Amalgam Comics & Coffeehouse has finally opened. The Philadelphia store, which is currently trending on social media, holds the distinction of being the only comics shop on the East Coast owned by a Black woman.
The store's Facebook and Instagram pages feature photos of the store that offer insight into the kind of community space that it aspires to be—principally, one that reaches out to women and people of color, in part through curated displays that highlight creators not often seen in the largely white- and male-normative geek world:
Happy Saturday!! Check out this article on us by #themarysue http://www.themarysue.com/amalgam-comics-ariell-johnson/ where they reference this #philly.com article http://mobile.philly.com/entertainment/?wss=/philly/entertainment&id=363686881& Then come see our #diversity display!! #comics #coffee #Niobe #nerd #blerd #Philly #philadelphia
A photo posted by Amalgam Comics & Coffeehouse (@amalgamphilly) on Jan 2, 2016 at 12:43pm PST
@themarysue @sammaggs @jezebel Our #comicbook guy put together a glorious section for the #ladies ! It's good to have #allies #philadelphia #coffee #comics #coffeehouse #wonderwoman #buffythevampireslayer #wolverine #batgirl #bombshells #msmarvel #Niobe #dangergirl
A photo posted by Amalgam Comics & Coffeehouse (@amalgamphilly) on Dec 22, 2015 at 12:08pm PST
Colorlines profiled owner Ariell Johnson last summer as part of our recurring "Breaking" series, which focuses on creators of color. When asked about the importance of comics and geek culture to creators of color exploring their own narratives, she had the following to say:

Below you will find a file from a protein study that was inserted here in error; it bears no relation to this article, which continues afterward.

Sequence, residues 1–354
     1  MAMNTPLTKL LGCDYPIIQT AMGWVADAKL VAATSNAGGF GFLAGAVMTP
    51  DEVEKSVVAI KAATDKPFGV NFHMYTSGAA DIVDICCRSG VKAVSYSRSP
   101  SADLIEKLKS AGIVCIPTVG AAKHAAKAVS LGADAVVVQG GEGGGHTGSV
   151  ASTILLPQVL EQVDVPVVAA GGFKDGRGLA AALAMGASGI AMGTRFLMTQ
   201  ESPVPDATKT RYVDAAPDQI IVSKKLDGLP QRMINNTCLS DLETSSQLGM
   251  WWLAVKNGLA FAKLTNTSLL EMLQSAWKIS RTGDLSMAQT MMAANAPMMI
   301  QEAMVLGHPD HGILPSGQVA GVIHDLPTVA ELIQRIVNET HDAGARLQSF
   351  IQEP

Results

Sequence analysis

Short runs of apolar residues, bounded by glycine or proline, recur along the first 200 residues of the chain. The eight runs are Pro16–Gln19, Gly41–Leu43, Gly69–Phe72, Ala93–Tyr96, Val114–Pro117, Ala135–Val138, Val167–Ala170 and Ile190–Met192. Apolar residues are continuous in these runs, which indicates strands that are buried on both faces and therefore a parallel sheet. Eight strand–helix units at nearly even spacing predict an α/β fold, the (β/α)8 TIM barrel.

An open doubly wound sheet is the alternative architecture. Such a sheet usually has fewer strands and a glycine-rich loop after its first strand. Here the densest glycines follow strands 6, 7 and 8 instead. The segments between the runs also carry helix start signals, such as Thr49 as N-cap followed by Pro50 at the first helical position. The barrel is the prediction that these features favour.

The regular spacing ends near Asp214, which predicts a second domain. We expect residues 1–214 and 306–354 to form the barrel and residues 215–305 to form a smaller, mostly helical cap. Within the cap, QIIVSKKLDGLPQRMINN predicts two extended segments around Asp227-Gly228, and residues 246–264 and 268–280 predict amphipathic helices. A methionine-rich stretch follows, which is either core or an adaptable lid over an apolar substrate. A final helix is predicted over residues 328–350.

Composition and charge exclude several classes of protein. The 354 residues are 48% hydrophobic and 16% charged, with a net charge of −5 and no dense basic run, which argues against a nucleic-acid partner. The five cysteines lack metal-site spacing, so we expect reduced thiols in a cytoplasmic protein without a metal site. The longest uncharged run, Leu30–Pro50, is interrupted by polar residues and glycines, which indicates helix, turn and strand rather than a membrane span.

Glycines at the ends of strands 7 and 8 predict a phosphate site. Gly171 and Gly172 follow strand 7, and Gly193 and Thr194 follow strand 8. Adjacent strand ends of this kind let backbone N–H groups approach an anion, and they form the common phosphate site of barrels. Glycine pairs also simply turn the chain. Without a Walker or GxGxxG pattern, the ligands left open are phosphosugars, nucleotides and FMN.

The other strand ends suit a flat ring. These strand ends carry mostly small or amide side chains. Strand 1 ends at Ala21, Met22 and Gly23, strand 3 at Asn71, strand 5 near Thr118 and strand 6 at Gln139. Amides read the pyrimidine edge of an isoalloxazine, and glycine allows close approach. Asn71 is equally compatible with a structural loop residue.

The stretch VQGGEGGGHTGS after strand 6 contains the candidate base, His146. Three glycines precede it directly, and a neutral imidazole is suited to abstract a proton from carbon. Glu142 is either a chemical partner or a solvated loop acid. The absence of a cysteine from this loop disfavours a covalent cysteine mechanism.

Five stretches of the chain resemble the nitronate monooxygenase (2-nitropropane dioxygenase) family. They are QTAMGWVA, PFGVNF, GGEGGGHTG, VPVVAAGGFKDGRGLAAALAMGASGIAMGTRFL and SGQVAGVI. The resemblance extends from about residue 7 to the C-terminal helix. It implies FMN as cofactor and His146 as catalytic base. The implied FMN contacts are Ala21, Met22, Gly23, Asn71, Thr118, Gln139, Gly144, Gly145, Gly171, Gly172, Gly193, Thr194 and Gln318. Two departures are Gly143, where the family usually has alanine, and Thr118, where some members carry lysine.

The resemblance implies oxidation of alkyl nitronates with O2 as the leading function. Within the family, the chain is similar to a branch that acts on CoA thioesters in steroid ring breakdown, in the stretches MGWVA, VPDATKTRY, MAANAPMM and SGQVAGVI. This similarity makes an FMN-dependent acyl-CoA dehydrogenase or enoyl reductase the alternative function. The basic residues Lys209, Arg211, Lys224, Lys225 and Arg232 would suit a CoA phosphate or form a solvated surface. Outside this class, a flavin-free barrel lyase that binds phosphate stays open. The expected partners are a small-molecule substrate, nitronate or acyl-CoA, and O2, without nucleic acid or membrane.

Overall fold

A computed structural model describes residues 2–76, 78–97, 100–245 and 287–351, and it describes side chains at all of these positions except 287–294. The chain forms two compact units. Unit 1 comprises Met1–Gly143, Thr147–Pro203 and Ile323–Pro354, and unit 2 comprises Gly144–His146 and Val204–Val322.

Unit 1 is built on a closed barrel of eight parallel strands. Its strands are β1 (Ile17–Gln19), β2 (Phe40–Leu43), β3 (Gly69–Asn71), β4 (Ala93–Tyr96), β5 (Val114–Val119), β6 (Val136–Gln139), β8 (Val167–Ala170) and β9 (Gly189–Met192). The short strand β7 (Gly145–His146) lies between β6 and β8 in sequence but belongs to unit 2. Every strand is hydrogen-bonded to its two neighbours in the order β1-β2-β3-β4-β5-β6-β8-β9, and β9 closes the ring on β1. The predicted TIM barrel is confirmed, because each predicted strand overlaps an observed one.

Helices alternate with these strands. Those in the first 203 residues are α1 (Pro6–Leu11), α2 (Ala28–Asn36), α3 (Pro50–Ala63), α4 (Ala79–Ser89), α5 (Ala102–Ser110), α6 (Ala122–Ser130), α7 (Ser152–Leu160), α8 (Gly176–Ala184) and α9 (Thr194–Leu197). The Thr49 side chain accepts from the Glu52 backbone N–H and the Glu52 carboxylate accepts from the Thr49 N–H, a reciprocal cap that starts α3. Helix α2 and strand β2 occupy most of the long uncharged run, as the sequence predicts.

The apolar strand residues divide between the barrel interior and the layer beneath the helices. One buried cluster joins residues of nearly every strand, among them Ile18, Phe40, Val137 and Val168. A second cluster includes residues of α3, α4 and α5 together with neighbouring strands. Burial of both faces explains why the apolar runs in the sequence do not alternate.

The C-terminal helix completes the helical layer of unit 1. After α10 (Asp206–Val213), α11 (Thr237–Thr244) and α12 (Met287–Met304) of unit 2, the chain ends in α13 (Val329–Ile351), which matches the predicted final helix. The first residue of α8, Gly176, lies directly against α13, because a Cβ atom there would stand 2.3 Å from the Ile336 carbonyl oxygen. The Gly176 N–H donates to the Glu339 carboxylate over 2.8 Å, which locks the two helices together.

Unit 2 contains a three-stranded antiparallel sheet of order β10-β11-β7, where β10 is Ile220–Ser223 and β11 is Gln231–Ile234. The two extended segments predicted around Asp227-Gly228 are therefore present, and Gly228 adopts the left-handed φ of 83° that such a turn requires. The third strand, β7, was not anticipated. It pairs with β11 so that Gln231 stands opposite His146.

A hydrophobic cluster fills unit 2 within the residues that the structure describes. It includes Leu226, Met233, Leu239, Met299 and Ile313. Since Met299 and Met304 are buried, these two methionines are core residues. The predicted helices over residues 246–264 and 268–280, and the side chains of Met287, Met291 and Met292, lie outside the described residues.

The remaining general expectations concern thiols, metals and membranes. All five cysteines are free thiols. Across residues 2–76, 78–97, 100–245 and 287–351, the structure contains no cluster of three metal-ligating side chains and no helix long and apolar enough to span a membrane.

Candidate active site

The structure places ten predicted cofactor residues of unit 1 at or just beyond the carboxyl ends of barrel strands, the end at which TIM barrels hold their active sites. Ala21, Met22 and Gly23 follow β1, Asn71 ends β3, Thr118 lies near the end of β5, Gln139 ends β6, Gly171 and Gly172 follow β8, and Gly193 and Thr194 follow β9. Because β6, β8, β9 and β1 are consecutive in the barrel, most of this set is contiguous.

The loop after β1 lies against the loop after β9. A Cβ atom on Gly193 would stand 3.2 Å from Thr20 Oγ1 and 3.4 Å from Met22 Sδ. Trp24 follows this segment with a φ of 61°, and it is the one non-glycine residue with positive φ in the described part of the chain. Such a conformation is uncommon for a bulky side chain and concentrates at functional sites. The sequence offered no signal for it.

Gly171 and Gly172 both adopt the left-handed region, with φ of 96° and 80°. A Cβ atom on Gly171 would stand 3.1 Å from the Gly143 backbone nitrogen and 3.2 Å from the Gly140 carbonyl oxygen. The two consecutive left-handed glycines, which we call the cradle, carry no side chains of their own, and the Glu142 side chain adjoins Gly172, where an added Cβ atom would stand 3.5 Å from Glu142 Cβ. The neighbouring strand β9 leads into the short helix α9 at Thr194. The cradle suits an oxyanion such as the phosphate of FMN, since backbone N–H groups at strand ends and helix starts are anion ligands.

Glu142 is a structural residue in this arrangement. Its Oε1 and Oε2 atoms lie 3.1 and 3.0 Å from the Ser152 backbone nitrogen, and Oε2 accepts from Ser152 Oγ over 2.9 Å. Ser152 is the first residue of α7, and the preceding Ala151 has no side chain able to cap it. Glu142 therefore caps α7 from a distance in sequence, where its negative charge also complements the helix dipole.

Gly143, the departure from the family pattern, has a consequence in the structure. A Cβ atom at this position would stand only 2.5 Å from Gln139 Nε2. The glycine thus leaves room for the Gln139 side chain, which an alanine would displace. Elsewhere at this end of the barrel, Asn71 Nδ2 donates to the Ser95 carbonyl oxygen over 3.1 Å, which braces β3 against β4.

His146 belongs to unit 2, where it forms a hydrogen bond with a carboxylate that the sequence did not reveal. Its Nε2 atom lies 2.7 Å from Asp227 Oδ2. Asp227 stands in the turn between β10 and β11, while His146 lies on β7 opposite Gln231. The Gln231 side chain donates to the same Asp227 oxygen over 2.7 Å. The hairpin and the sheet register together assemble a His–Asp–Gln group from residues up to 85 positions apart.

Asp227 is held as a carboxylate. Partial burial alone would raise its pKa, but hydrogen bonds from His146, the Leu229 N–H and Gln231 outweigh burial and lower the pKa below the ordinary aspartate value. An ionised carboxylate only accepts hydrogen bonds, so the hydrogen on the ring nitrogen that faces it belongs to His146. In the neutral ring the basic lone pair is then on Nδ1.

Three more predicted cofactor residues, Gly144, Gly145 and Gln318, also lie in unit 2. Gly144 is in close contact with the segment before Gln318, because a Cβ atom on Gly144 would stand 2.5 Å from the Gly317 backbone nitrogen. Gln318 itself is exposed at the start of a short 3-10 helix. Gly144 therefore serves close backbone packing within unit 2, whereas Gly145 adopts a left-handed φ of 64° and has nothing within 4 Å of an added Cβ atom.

The thing about science fiction, where you’re creating these universes where things can be wherever you want…the majority of science fiction still falls on this Eurocentric representation of how things are. Like, a lot of people would rather see a green person than a brown person. [Laughs]. And I don’t understand that. I think about "Lord of the Rings," where if you want to argue that Middle Earth is based somewhere in Europe, that’s fine. But then you have elves and these other creatures, and are they White too? That is a place where you could’ve introduced people of color—they’re elves! [Laughs] And there definitely is a Black sci-fi movement—Afrofuturism is important to me. I think about this quote from Walidah Imerisha I read in an article once: "For those of us from communities with historic collective trauma, we must understand that each of us is already science fiction walking around on two legs. Our ancestors dreamed us up and then bent reality to create us."
Johnson was additionally featured at number 11 in our year-end roundup, "15 Women Of Color Who Rocked 2015."